Infrastructure in the News: June 6, 2012
Washington Post: Sens. Boxer, Inhofe deliver transportation proposal to House
In a rare conciliatory gesture, two U.S. senators — one a conservative Republican, the other a liberal Democrat — hand-delivered a critical transportation funding plan to their colleagues in the House on Tuesday. Their symbolic mission was intended as a show of good faith in a Congress where trust has been in short supply.
DC Streetsblog: Stakeholders Beg Conferees to Stop Acting Like Children
The pavement lobby letter urges any bill, the business letter urges any bill that leverages public and private dollars, and the SEEC letter urges a bill that does no harm. With just two days left before Boxer’s deadline and only 11 more legislative days (for the House) before the drop-dead June 30 deadline, it makes sense that some would urge the passage of a bill, any bill. But at least one of the environmental provisions opposed by the SEEC would kill the bill anyway — President Obama has promised to veto the transportation bill if it includes the Keystone provision.
League of American Bicyclists: Small Decrease in Driving = Huge Decrease in Congestion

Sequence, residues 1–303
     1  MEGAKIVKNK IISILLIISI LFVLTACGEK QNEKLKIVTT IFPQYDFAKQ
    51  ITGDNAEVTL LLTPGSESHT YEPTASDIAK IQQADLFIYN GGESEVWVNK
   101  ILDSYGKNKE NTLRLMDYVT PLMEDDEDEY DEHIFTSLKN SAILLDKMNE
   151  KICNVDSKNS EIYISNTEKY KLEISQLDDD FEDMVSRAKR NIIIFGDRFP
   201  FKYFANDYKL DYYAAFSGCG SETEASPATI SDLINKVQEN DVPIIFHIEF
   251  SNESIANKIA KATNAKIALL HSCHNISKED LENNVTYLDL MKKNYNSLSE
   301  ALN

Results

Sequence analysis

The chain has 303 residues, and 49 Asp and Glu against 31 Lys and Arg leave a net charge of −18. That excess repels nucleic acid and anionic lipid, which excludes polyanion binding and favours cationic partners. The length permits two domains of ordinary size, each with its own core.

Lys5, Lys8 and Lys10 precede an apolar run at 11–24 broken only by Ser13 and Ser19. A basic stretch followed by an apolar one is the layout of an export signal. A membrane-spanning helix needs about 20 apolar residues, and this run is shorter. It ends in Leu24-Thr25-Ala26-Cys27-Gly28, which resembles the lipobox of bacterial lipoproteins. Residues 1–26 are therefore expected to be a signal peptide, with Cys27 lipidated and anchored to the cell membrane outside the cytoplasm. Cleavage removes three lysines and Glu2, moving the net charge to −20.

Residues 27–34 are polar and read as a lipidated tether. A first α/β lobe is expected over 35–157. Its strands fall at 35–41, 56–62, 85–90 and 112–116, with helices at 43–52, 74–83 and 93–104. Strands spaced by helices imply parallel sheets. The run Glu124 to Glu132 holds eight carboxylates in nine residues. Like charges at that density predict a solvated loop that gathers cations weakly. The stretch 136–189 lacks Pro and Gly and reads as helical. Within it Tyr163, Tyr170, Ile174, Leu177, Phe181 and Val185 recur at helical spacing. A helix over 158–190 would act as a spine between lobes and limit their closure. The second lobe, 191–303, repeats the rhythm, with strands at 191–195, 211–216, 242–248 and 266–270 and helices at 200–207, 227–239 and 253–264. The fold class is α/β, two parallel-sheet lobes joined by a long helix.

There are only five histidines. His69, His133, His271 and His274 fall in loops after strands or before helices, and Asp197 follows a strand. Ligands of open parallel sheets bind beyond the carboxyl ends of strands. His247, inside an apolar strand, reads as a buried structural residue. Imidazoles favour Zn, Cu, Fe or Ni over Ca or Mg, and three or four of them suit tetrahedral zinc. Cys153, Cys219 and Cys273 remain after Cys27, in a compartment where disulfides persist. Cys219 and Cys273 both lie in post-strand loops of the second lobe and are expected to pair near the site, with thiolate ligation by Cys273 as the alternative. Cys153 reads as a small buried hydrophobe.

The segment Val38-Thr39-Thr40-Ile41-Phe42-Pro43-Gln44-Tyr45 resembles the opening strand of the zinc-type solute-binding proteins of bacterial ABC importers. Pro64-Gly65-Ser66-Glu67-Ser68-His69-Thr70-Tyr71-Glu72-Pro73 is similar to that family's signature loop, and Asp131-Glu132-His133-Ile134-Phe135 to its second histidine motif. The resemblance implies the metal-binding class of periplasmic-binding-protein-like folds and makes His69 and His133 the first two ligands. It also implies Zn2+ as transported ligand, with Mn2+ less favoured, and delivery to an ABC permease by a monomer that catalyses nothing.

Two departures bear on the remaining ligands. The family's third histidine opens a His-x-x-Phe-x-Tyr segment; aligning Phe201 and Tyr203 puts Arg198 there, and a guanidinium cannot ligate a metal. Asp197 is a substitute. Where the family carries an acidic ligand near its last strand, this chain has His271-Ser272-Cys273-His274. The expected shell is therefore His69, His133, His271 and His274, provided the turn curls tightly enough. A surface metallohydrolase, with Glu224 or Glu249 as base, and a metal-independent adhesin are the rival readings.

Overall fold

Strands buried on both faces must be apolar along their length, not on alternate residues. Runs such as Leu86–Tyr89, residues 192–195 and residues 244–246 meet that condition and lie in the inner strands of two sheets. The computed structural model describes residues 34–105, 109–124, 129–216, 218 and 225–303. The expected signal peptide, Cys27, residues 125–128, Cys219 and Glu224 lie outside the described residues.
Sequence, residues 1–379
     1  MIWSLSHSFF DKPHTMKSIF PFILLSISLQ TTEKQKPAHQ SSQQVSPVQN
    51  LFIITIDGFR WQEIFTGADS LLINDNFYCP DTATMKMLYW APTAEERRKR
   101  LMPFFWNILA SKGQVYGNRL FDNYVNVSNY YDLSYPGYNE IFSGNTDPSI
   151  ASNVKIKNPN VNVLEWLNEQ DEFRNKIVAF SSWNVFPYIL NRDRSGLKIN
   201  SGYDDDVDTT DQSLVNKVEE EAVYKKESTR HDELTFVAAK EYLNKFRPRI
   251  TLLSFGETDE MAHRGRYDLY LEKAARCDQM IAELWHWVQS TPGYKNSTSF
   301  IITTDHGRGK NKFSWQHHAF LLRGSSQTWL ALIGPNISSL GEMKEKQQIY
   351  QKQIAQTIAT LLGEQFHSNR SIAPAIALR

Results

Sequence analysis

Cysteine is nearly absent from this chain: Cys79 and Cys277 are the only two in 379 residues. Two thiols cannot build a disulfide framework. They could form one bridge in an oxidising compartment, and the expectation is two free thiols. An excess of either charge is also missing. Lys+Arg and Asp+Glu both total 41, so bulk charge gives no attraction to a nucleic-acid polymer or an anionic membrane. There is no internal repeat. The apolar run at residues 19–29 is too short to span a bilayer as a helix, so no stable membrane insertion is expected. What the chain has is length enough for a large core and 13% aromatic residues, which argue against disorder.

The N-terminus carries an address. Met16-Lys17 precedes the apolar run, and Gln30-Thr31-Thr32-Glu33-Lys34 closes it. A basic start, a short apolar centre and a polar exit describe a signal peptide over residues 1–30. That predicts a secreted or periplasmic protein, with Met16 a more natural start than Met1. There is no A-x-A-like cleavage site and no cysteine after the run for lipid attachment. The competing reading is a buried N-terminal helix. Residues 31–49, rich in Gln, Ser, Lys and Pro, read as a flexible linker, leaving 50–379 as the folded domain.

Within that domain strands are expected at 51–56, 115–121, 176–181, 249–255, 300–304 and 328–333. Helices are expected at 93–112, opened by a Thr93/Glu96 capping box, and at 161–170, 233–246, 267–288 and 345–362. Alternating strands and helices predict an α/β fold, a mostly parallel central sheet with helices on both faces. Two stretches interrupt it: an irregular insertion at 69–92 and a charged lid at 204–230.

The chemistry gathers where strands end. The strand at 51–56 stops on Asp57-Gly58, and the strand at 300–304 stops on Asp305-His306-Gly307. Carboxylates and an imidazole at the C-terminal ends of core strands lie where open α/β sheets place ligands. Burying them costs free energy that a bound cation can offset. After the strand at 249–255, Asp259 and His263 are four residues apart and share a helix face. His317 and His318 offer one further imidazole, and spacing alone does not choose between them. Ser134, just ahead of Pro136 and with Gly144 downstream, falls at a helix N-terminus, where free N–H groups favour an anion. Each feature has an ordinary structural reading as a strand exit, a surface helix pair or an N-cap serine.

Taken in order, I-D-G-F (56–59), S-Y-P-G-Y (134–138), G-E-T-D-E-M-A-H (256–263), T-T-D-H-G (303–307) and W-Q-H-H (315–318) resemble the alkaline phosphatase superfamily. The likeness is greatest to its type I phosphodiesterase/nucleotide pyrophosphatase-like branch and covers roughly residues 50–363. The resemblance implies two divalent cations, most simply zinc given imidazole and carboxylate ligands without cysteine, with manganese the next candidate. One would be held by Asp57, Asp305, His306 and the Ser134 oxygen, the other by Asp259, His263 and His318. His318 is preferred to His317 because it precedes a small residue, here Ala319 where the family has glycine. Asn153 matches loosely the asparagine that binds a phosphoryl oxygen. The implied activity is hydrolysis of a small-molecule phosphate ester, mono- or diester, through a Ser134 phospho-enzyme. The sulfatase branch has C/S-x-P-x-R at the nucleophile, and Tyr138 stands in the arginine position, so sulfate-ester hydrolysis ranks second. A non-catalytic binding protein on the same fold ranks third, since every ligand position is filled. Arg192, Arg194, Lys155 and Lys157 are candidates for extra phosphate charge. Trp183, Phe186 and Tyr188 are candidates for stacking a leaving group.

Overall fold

Has anyone ever tried to tell you that there are too few bicyclists to reduce traffic congestion in any noticeable way? Well, new data shows that it doesn’t take large reductions in driving to see major improvements in traffic flow. In 2011, total vehicle miles traveled (VMT) in the United States declined 1.2%. That means, due to the economy and other factors, Americans drove slightly less in 2011 than they did in 2010. But what makes that remarkable is the striking result: Congestion decreased 30%.
The Record: Bill seeks to fund most of NJ transportation program with $1.25B in loans
Nearly 80 percent of the state’s transportation program will be paid for with borrowed money next year — with nothing coming from cash revenues on hand — under proposed legislation that will help the Christie administration plug a revenue gap in the state budget.
New York Times: An Ohio River City Comes Back to Its Shoreline
The construction of the Banks and the 45-acre shoreline park comes after more than a decade of significant infrastructure investment along Cincinnati’s riverfront, much of it financed by a half-cent sales tax approved by the city and Hamilton County voters in 1997. Revenue from the tax supported a $322 million highway modernization that narrowed the Fort Washington Way expressway between the river and the central business district.
Brattleboro Reformer (VT): Gravel pit proceeding, but bridge bids too high
Even as officials move forward on creation of a much-needed new gravel pit, they've been forced to re-evaluate another, long-awaited project. Selectboard members have voted to move forward with permit applications for the pit, which is to be located behind Hidden Acres Campground on Route 5. But they also received some bad news last week regarding the landmark Dummerston Covered Bridge, as all three renovation bids submitted were higher than expected.
“Our country has incredible renewable resources, innovative entrepreneurs, a skilled workforce, and manufacturing know-how. It’s time to harness these resources and lead in the global clean energy economy.”